U.S. initiatives overseas affect the resentments and motivations of those who may resort to terrorism.  The management of relations with foreign governments whose cooperation is vital to combating terrorism has major consequences for the effectiveness of the U.S. counterterrorism effort.  A basic principle of the Corps is to engender cooperation among members, businesses, and the community with its civic leaders.   This cooperation can enhance understanding, attenuate the vitriolic message of radical anti-U.S. groups, and, ideally, diminish the terrorists’ ability to recruit foot soldiers.  The final result will reduce the impact of terrorism on Americans.

In his recent book, “Terrorism and US Foreign Policy”, (Brookings Institution Press, 2001)  Paul Piller indicates that the current U.S. policy on counterterrorism has remained largely unchanged during past administrations.  Mr. Piller discloses much more, which we paraphrase and comment on below….The official tenets are as follows:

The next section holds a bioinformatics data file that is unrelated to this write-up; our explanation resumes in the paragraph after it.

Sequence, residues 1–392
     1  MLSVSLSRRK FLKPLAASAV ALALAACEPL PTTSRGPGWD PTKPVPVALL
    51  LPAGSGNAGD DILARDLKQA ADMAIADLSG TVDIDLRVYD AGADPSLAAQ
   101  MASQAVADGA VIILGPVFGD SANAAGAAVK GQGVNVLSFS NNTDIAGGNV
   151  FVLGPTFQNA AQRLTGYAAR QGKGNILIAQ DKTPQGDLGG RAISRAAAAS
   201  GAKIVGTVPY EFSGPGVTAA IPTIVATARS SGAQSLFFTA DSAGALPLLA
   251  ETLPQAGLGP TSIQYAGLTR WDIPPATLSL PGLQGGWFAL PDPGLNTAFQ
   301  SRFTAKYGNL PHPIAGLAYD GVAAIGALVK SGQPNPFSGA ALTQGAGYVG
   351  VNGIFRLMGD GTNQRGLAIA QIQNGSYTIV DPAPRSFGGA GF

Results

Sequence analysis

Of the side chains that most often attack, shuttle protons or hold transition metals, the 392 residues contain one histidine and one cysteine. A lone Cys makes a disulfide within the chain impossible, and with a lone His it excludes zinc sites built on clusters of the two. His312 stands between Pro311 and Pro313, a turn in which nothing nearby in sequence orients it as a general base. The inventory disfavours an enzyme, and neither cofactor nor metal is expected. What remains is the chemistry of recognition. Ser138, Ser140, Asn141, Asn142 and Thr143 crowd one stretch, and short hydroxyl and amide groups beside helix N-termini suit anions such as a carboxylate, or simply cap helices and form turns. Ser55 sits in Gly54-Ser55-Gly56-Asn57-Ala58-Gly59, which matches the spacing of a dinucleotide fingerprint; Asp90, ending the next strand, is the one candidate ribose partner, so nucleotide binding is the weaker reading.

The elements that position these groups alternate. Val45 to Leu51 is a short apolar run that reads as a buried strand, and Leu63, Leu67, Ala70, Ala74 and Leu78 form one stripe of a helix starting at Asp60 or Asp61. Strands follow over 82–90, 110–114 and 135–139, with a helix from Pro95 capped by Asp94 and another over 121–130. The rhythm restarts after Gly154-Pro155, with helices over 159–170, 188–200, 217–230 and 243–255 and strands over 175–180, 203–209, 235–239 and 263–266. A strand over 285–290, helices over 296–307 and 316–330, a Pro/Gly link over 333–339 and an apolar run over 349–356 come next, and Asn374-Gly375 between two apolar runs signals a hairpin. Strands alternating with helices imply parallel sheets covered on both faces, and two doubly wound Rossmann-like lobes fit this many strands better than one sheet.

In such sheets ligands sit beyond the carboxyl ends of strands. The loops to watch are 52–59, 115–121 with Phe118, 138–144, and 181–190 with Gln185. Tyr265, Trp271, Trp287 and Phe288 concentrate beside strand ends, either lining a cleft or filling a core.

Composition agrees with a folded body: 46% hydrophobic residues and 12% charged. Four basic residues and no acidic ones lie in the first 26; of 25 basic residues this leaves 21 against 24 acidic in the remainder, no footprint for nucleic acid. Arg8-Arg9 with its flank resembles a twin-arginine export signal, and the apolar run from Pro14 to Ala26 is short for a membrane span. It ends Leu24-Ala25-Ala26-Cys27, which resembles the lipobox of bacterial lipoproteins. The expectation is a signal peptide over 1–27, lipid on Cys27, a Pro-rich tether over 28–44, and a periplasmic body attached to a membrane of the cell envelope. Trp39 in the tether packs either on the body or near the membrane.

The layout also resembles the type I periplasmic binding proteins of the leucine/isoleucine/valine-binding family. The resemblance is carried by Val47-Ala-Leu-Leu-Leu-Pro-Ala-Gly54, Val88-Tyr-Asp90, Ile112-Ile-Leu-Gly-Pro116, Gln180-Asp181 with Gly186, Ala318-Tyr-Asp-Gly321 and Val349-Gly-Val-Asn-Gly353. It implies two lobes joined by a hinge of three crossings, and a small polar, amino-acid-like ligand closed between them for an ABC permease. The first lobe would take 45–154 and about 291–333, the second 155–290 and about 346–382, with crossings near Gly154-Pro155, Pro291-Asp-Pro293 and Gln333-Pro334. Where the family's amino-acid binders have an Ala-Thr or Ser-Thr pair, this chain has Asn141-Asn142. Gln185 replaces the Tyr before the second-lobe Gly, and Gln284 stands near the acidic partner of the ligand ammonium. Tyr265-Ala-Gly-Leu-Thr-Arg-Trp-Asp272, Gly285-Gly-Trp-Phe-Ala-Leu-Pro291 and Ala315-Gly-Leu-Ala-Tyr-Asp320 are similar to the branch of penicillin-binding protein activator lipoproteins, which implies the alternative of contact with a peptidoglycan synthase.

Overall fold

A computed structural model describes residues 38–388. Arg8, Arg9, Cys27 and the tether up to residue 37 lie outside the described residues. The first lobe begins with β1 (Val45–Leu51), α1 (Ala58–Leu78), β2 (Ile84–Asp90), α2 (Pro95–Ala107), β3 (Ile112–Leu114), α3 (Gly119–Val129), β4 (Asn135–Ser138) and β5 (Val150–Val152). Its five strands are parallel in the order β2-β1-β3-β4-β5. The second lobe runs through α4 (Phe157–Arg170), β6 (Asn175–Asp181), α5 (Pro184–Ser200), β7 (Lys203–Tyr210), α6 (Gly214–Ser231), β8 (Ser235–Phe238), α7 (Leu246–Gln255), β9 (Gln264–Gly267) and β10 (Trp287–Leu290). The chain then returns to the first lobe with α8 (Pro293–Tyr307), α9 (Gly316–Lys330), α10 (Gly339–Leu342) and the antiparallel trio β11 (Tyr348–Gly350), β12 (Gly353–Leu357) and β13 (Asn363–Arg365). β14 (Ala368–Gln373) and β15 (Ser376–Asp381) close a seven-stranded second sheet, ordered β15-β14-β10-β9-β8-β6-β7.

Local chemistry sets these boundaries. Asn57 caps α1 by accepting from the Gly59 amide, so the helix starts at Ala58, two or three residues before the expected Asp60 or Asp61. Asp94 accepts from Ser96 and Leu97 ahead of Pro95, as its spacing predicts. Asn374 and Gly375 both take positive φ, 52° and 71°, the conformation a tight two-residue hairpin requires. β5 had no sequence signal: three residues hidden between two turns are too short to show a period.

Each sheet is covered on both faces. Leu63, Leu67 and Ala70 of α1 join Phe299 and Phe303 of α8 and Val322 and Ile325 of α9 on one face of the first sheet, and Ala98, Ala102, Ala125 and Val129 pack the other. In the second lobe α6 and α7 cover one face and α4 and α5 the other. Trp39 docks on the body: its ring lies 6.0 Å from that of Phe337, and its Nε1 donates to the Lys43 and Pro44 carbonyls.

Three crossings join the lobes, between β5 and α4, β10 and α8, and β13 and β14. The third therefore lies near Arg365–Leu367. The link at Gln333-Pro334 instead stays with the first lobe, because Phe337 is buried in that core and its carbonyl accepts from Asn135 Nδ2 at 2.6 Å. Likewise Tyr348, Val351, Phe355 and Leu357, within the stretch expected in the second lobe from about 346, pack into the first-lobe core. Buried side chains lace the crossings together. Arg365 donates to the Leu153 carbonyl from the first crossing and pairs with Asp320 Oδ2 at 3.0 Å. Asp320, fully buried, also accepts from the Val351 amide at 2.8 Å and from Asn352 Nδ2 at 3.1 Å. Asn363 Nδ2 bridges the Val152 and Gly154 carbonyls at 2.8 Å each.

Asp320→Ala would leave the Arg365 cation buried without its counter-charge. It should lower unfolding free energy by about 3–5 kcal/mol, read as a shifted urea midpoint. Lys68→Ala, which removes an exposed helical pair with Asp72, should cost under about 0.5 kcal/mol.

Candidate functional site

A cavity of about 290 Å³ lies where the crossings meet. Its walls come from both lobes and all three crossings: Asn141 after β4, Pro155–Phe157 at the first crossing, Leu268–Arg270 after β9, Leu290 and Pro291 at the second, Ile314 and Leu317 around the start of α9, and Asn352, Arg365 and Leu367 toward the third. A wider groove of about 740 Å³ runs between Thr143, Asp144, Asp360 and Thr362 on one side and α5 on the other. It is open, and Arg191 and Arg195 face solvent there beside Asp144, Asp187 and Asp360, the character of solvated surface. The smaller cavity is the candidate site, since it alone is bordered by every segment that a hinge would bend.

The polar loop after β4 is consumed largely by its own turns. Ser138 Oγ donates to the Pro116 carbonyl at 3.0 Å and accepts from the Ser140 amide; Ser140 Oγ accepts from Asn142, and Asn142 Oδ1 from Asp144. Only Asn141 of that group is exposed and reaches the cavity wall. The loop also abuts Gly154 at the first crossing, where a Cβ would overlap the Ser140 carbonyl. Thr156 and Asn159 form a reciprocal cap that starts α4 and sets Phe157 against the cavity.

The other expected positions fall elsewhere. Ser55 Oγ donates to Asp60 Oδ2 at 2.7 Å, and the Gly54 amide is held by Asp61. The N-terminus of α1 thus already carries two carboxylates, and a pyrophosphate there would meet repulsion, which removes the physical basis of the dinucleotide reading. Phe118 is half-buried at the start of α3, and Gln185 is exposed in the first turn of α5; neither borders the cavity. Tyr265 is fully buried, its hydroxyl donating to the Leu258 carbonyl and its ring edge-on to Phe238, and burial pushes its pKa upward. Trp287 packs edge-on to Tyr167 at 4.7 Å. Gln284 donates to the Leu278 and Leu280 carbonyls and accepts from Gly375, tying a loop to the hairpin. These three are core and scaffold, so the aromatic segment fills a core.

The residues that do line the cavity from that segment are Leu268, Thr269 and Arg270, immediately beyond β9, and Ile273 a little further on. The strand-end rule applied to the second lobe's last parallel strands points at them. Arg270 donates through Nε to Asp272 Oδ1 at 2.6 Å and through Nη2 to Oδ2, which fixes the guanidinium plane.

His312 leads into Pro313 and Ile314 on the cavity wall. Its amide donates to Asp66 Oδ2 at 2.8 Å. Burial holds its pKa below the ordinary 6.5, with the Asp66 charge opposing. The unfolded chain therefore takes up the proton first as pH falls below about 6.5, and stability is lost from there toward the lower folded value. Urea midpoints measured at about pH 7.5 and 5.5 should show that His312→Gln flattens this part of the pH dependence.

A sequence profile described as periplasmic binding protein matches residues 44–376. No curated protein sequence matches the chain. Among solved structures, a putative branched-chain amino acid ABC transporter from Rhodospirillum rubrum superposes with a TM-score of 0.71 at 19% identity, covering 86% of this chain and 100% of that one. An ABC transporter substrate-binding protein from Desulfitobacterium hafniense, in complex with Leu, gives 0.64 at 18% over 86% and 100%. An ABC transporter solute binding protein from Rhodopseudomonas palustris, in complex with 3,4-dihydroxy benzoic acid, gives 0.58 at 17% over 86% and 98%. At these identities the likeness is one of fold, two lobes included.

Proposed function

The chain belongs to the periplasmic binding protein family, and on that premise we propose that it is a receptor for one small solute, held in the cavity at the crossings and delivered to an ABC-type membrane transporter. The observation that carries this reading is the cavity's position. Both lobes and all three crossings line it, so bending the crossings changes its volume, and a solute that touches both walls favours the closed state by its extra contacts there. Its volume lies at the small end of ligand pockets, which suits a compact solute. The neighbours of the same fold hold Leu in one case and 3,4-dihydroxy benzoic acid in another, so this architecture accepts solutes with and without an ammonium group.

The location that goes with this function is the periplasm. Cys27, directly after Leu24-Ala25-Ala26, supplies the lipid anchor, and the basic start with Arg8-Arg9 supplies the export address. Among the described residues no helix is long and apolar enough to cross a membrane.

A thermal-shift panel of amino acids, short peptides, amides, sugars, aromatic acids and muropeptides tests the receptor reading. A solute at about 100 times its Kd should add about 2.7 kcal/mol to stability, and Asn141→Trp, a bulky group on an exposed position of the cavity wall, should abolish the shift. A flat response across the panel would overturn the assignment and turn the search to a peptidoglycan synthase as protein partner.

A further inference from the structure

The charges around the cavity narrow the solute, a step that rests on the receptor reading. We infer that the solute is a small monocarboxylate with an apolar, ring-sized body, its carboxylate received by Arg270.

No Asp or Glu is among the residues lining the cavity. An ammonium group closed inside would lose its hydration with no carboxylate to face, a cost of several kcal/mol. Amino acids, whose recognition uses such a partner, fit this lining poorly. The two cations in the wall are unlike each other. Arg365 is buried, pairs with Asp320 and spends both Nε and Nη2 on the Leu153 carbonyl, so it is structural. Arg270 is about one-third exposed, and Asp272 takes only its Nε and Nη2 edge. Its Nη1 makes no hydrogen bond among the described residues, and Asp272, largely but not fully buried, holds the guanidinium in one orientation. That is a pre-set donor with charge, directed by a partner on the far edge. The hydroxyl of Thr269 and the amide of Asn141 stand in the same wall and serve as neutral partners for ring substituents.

—Make no concessions to terrorists and strike no deals;

—Bring terrorists to justice for their crimes;

—Isolate and apply pressure on states that sponsor terrorism to force them to change their behavior; and

—Bolster the counterterrorist capabilities of those countries that work with the U.S. and require assistance.

The first three tenets are confrontational and fall under the “fight-don’t-finesse” stream of American thinking about terrorism.  The fourth tenet on counterterrorist assistance to cooperative countries is the most broad-minded as it implicitly recognizes that counterterrorism is more than confrontations, that the threat terrorism poses to non-Americans matters to the United States, and that counterterrorism efforts rely on foreign help.  This cooperation should extend beyond governments to their citizens. The Corps’ programs demonstrate an effective commitment to public diplomacy.